Tesla calculated that its fleet has to drive 10 billion kilometers to train and calibrate its machine-learning algorithms to drive autonomously. The challenge for autonomous driving, however, is that the algorithms can hardly be initially trained with all possible driving conditions—due to the highly dynamic runtime environment for the sensors—and dangerous situations only occur at a very low frequency. This problem cannot be solved by increasing the amount of training data, since there will be driving situations where no data will be available due to disturbed or noisy sensor output. It requires a monitoring system able to detect regions where the probability is high that sensors will fail.
To overcome this problem, a system has to be created where cars, regardless of their brand, sample their environment during operation and dangerous situations are detected by a central server and propagated to other cars in real time, a process much like website monitoring. Michael Nolting explores how such a system might be realized (with a real-time architecture based on Kafka, Flink, Elasticsearch, and Kibana) and how its requirements can be fulfilled. Michael shares a generalized method for detecting anomalies (dangerous situations) based on bootstrapping, which is able to operate on non-Gaussian distributions. Bootstrapping allows assigning measures of accuracy (defined in terms of bias, variance, confidence intervals, prediction error, or some other such measure) to sample estimates and enables estimation of the sampling distribution of almost any statistic using random sampling methods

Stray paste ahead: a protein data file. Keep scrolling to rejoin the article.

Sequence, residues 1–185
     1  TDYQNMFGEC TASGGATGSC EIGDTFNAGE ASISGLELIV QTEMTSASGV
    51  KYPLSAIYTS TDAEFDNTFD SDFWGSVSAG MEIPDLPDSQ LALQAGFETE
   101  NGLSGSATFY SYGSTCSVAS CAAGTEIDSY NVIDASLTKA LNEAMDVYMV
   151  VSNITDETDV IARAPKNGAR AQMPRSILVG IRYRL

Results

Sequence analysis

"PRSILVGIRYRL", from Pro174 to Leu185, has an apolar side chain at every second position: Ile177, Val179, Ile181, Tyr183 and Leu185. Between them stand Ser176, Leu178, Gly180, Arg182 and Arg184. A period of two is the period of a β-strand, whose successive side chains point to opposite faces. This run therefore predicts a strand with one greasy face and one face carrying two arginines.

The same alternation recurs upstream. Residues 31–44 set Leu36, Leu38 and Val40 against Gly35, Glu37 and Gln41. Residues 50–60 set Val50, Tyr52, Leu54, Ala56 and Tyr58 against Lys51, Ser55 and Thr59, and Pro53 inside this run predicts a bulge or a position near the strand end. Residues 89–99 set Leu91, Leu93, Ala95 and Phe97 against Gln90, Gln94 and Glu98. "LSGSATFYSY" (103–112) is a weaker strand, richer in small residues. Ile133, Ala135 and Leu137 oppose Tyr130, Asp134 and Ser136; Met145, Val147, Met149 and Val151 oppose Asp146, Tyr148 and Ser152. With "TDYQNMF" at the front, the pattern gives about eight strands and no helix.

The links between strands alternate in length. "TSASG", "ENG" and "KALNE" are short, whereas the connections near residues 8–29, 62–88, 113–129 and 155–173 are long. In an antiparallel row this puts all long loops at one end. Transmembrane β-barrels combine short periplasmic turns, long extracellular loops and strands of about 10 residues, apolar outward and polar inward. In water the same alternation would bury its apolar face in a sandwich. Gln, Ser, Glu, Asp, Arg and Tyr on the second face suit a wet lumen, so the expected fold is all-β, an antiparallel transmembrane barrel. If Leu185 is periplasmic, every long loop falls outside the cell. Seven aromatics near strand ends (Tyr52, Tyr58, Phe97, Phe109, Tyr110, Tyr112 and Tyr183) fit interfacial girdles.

Michael Nolting is a data scientist for Volkswagen commercial vehicles. Michael has worked in a variety of research fields at Volkswagen AG, including adapting big data technologies and machine learning algorithms to the automotive context. Previously, he was head of a big data analytics team at Sevenval Technologies. Michael holds a Dipl.-Ing. degree in electrical engineering and an MSc degree in computer science, both from the Technical University of Brunswick in Germany, and a PhD in computer science.
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